Companies can be valued by many measures -- earnings, growth, cash. But it's a foolhardy investor who ignores the value of a company's assets.
In recent weeks I've taken a look at some of the various ratios that we can use to get a handle on the valuation of companies, seeing how share prices are influenced by a company's earnings, its expectations of future growth, and how it actually manages to rake in the cash.
But even taking those into account, similar-looking companies can still be afforded very different valuations, and there are clearly numerous other factors that influence an investor's choice. Today, I want to have a look at a few ratios that relate the price of a share to the value of the assets a company is sitting on.
If you were faced with two companies that could potentially manage similar turnover and profits, would you prefer to invest in a company that needs to tie up a lot of capital in expensive plant and machinery (like, perhaps an airline or a supermarket chain), or one that requires much less capital investment (say a software developer)?
Return on Capital
Either might make for a good investment, and the measures we have considered so far will not suffice to make useful comparisons. What we need, in addition, is some way to tie a company's profits to the amount of capital it requires to generate them.
And we do have such a measure, called the Return on Capital, or ROC. There are actually various versions of this ratio, but for the sake of simplicity we don't need to worry about the subtle differences between them. What matters is that the figure gives us a comparison of a company's net profits, expressed as a percentage of the book value of its invested capital.
Tesco (LSE: TSCO) for example, has a return on capital of around 14%, as it requires a lot of capital (in the form of stores, warehouses, vehicles, etc) in order to sell its large range of retail goods, and British Airways (LSE: BAY) manages around 16%. Alternatively, computer software develop Autonomy (LSE: AU) brings in a return on capital of around 70%, partly because the development of computer software doesn't require large factories and hundreds of stores.
But how can we relate things like the total assets a company is sitting on to its share price? We have a couple of ratios that are handy for that. Firstly, we have the Price to Book Value, or PBV, ratio. This is based on a company's book value, which is determined from its balance sheet by taking its total assets and subtracting its total liabilities. That leaves us with what, in theory, the company's assets might be worth if it ceased trading and sold everything off (but see below).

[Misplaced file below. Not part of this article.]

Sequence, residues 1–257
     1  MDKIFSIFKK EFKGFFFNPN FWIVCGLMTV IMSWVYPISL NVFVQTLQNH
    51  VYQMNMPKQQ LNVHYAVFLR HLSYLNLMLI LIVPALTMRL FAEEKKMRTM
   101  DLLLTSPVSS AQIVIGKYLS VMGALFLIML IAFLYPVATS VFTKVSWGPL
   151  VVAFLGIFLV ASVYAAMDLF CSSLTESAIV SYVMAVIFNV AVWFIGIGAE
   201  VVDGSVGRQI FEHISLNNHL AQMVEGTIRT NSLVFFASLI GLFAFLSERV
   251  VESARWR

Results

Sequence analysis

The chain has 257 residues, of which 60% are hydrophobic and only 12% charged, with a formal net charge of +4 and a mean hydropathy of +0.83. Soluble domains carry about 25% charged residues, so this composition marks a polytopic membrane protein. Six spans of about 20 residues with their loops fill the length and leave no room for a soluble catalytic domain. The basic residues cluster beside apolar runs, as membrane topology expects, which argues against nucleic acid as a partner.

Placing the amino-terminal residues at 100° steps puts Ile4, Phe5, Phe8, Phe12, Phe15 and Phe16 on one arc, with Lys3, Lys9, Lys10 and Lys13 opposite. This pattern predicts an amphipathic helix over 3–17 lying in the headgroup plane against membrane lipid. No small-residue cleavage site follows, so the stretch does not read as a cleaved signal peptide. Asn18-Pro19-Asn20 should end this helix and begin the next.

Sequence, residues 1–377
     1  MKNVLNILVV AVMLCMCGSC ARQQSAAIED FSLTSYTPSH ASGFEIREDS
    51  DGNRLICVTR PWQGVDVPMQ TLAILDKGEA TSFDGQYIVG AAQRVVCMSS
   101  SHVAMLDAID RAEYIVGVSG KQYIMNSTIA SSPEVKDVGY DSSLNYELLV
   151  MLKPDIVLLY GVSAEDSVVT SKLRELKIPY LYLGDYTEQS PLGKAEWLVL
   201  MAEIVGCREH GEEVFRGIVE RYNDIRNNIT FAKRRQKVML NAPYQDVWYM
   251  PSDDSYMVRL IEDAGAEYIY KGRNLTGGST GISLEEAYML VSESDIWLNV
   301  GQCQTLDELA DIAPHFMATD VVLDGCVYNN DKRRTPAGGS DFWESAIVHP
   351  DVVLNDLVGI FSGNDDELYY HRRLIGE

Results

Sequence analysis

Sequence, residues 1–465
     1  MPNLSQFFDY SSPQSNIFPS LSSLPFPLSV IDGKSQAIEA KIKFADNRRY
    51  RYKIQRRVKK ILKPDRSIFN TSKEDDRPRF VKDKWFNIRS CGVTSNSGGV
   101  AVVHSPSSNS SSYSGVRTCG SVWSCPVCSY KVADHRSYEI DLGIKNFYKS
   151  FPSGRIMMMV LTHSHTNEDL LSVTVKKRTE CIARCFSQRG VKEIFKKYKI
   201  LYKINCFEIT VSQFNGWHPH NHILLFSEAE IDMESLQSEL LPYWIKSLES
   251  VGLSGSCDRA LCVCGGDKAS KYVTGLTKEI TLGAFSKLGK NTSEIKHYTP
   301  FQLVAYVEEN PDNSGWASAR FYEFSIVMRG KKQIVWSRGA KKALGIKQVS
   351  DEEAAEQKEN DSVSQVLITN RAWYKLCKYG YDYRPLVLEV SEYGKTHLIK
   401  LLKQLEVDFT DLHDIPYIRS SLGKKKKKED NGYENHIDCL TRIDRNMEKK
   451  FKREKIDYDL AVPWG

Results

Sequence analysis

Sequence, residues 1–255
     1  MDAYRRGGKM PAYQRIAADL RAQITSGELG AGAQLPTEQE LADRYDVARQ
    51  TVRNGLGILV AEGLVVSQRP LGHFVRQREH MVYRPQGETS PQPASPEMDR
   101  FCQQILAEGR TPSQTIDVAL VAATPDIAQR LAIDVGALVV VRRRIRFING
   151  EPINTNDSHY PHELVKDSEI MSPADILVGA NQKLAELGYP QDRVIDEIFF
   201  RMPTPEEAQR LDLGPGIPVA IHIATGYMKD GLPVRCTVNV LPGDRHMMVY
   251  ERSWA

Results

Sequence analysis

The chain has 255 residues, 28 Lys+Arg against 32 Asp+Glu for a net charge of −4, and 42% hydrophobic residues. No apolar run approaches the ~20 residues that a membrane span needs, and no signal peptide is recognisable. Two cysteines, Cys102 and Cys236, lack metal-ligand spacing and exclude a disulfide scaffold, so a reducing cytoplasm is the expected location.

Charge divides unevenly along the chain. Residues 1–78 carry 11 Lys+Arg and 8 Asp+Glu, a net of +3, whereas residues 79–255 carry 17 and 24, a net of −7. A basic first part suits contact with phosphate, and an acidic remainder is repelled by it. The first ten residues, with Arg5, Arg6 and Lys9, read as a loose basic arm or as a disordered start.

If we then divide this by the number of shares, we get the book value per share (i.e. the amount of the company's stuff that a single share makes us the owner of). If we then divide the share price by this number (just as when calculating the P/E we divided the share price by the earnings per share), we get the PBV ratio.
But wait! Remember that bit about the closing-down sale scenario? Well, in reality, because of the things that a company can account for as assets and the way such things can be valued (for example, valuing intellectual property, such as ownership of software rights and patents, can be pretty much 'finger in the air' stuff), it's actually very unlikely that a company's full book value could be realised if it tried to sell it all at once.
To account for that, we also have what is known as the Price to Tangible Book Value, or PTBV, ratio, which is similar to the PBV but leaves out all those intangibles like intellectual property. Basically, it's a measure of things you can kick, and pack in boxes to sell should such need arise.
The PTBV will, of course, be higher than the PBV, as total book value will always be higher than tangible book value -- every company has some intangible assets on its books. The difference between the two values can say a lot about the nature of a company, and it is again interesting to compare Tesco with Autonomy.
Tesco has a PBV of about 2.2, and we'd expect quite a low value due to the company's need for lots of capital to run its business. Its PTBV, at 3.2, isn't a lot higher, suggesting, as we would expect, that most of Tesco's assets are of the tangible, kickable, variety.
If we now compare with Autonomy, we find a PBV of 4, echoing the fact that it is less capital-intensive than a supermarket chain. But much more interestingly, Autonomy's PTBV, at 20, is much higher, indicating that four fifths of the company's book value is intangible -- it's mostly the value of its software, its patents, and its intellectual know-how.
Which is best?
If we had to wind up both companies and sell off their assets, Tesco would fetch a good bit more cash per share, and though it's pretty unlikely to happen any time soon, such considerations are important to a lot of investors who like to focus on minimising their risks. By comparison, Autonomy will appeal more to investors keen on technological growth, who prefer to target higher potential rewards and take the risk that there is less to sell off should the worst happen.
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